Blog Entry

Lockout means Supp. prospects may not slip

Posted on: June 2, 2011 2:06 pm
Edited on: June 2, 2011 8:46 pm
 
Jim Tressel's resignation has fueled a great deal of speculation that five of his former players might make the jump into the NFL's supplemental draft.

I've been asked by many as to my thoughts on QB Terrelle Pryor, OT Mike Adams, RB Dan Herron, WR Devier Posey and DE Solomon Thomas and how each might project to the NFL.

When the initial news broke in December that these players were going to be suspended, I argued that Adams was the most intriguing pro prospect of the bunch at the time. Adams is NFLDraftScout.com's No. 2 rated senior offensive tackle heading into the season.

One of the points I tried to make to others writing stories on the "Ohio State five" and any other potential supplemental draft prospects is that historically players drafted in July have a tendency to slip further than their grades might indicate. Put simply, teams are hesitant to give up April draft picks for players selected in the Supplemental Draft. Often players would slip a round or two further down the board in July than where they would have been picked in April.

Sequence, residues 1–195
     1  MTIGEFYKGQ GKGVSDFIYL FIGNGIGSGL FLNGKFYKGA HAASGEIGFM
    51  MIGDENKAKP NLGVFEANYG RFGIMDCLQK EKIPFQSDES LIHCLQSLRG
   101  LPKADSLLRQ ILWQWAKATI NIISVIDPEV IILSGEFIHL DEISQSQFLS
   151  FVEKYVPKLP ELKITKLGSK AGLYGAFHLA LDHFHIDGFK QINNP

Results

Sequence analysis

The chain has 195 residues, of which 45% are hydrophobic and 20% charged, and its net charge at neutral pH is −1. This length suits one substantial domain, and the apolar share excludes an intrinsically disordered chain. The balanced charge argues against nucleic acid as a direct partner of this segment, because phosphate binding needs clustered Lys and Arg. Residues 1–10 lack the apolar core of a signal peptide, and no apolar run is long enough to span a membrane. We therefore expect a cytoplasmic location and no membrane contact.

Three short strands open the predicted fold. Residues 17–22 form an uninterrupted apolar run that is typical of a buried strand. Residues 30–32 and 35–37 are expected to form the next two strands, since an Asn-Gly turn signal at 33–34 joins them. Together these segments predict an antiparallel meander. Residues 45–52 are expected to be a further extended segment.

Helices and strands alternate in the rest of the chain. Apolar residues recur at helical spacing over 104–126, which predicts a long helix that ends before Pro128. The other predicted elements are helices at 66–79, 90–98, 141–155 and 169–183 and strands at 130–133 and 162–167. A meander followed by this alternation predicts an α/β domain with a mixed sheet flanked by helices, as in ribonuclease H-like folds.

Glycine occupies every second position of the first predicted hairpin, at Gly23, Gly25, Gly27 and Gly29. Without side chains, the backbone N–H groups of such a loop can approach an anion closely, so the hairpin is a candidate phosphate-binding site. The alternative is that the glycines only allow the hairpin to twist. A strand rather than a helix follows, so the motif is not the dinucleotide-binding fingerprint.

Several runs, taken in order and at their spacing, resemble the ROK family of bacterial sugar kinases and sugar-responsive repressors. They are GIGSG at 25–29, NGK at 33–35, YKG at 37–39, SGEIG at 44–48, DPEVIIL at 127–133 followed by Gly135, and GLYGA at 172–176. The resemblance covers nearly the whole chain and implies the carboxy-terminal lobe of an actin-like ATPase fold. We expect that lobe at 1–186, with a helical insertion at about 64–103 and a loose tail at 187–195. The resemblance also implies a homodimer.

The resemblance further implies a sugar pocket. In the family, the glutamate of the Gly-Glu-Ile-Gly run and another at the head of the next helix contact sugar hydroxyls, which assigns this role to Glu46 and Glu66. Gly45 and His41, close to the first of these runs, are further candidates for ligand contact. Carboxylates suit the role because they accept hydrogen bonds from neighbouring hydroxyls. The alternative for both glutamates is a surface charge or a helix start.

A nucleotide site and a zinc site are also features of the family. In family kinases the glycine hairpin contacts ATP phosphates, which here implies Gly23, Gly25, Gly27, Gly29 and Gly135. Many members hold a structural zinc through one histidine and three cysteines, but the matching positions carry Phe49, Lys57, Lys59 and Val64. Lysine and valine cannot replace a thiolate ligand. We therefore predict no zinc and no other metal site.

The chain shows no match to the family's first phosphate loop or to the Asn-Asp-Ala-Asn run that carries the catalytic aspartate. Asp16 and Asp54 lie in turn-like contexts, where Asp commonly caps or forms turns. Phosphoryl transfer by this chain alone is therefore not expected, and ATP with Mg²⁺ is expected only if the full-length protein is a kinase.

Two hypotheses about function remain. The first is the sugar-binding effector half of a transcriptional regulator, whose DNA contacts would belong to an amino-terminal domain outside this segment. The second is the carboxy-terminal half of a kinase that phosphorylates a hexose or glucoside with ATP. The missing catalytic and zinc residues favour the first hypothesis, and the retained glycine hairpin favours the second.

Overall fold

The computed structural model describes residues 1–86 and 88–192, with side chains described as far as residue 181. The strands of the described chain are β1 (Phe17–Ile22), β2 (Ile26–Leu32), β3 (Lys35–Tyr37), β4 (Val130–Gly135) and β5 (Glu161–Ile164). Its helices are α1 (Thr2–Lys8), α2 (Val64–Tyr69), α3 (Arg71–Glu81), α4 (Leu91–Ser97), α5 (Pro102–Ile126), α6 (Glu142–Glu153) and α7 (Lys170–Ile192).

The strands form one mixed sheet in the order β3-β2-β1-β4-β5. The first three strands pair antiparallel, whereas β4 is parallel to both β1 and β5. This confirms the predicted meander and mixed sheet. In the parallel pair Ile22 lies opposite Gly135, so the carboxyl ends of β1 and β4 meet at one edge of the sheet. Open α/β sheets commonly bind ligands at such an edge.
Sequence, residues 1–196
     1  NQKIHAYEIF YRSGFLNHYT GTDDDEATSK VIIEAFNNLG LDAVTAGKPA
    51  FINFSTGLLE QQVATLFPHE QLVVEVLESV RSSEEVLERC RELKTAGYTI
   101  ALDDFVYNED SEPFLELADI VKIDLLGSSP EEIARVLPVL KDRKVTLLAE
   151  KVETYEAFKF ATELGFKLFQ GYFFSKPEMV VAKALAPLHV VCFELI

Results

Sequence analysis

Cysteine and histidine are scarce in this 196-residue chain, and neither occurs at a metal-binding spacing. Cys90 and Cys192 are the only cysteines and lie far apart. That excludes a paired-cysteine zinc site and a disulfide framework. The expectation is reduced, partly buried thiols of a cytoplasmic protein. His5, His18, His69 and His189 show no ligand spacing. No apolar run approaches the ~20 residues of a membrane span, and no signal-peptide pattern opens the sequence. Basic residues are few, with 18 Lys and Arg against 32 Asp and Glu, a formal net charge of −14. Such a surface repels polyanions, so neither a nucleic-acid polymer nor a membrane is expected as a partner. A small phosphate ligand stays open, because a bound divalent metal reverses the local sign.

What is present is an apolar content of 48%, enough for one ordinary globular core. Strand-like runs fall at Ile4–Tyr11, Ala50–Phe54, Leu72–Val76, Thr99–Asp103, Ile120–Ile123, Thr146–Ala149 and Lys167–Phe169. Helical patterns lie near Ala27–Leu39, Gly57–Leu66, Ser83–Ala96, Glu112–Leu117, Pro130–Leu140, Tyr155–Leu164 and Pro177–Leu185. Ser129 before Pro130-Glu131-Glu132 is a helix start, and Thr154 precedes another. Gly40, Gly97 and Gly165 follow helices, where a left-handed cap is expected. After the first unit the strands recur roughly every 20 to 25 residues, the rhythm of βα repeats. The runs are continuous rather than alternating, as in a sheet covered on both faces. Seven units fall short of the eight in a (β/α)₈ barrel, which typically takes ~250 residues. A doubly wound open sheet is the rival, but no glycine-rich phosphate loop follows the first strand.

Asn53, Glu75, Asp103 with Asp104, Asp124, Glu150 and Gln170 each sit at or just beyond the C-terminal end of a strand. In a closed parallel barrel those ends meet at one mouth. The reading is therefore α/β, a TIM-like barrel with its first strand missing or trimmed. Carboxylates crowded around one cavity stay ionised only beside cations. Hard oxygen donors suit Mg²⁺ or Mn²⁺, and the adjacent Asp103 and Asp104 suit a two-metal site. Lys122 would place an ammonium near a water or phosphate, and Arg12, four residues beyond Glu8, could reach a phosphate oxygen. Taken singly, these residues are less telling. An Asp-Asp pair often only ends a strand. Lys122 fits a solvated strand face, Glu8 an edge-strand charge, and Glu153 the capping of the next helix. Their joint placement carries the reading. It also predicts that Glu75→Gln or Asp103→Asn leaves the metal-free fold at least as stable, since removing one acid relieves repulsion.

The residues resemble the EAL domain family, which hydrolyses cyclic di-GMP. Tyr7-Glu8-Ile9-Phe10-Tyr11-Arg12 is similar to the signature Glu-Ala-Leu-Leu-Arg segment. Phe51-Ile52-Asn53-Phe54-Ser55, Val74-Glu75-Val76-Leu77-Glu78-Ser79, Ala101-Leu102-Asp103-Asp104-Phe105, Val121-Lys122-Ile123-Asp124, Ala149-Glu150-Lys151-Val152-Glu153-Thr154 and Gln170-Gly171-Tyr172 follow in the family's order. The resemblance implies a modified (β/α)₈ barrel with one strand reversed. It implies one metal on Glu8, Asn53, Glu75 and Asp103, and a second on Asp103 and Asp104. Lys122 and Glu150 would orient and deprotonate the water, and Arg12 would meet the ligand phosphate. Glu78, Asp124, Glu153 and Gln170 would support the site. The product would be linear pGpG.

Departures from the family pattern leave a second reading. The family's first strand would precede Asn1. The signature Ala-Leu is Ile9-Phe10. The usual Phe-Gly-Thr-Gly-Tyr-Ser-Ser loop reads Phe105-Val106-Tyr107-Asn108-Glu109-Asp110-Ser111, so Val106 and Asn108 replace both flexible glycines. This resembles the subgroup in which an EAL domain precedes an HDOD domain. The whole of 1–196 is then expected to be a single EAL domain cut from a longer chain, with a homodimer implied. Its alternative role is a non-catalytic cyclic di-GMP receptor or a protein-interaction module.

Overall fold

Due to the lockout, however, this year's Supplemental Draft could be different, if NFL sources are to believed.

The primary reason why supplemental prospects have a tendency to drop, I'm told, is that typically they are far behind the rookies drafted in April. The April rookies generally have a significant advantage over any players drafted in July as they typically have been able to participate in a few mini camps.

That, of course, has not yet occurred for the Class of 2011 rookies, as they and veteran players haven't had any sustained contact with their NFL coaching staffs.

Therefore, the disadvantage that supplemental prospects would typically have is gone, making any who apply to the NFL for special eligibility this year potentially graded (and drafted) higher than they would in most July drafts.
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